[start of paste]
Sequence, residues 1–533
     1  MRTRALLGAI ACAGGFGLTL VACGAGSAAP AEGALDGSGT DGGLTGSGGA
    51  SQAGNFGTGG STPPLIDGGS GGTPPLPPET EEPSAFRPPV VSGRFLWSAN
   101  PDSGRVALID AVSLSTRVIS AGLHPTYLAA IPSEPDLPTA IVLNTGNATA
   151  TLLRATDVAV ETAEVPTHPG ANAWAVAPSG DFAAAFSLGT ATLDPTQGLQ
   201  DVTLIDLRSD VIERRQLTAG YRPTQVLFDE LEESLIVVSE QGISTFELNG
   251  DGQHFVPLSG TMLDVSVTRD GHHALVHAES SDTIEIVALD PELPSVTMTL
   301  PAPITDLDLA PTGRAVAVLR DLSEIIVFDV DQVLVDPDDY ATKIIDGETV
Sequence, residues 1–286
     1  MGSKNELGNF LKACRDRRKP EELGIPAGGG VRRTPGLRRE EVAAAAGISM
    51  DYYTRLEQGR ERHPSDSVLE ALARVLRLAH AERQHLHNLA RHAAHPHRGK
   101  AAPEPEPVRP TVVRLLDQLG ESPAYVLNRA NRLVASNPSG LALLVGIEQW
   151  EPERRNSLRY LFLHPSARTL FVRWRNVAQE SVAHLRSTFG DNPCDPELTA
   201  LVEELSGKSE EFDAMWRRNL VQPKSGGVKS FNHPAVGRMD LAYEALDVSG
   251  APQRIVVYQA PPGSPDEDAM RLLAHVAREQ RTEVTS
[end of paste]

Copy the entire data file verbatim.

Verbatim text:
Sequence, residues 1–533
     1  MRTRALLGAI ACAGGFGLTL VACGAGSAAP AEGALDGSGT DGGLTGSGGA
    51  SQAGNFGTGG STPPLIDGGS GGTPPLPPET EEPSAFRPPV VSGRFLWSAN
   101  PDSGRVALID AVSLSTRVIS AGLHPTYLAA IPSEPDLPTA IVLNTGNATA
   151  TLLRATDVAV ETAEVPTHPG ANAWAVAPSG DFAAAFSLGT ATLDPTQGLQ
   201  DVTLIDLRSD VIERRQLTAG YRPTQVLFDE LEESLIVVSE QGISTFELNG
   251  DGQHFVPLSG TMLDVSVTRD GHHALVHAES SDTIEIVALD PELPSVTMTL
   301  PAPITDLDLA PTGRAVAVLR DLSEIIVFDV DQVLVDPDDY ATKIIDGETV
Sequence, residues 1–286
     1  MGSKNELGNF LKACRDRRKP EELGIPAGGG VRRTPGLRRE EVAAAAGISM
    51  DYYTRLEQGR ERHPSDSVLE ALARVLRLAH AERQHLHNLA RHAAHPHRGK
   101  AAPEPEPVRP TVVRLLDQLG ESPAYVLNRA NRLVASNPSG LALLVGIEQW
   151  EPERRNSLRY LFLHPSARTL FVRWRNVAQE SVAHLRSTFG DNPCDPELTA
   201  LVEELSGKSE EFDAMWRRNL VQPKSGGVKS FNHPAVGRMD LAYEALDVSG
   251  APQRIVVYQA PPGSPDEDAM RLLAHVAREQ RTEVTS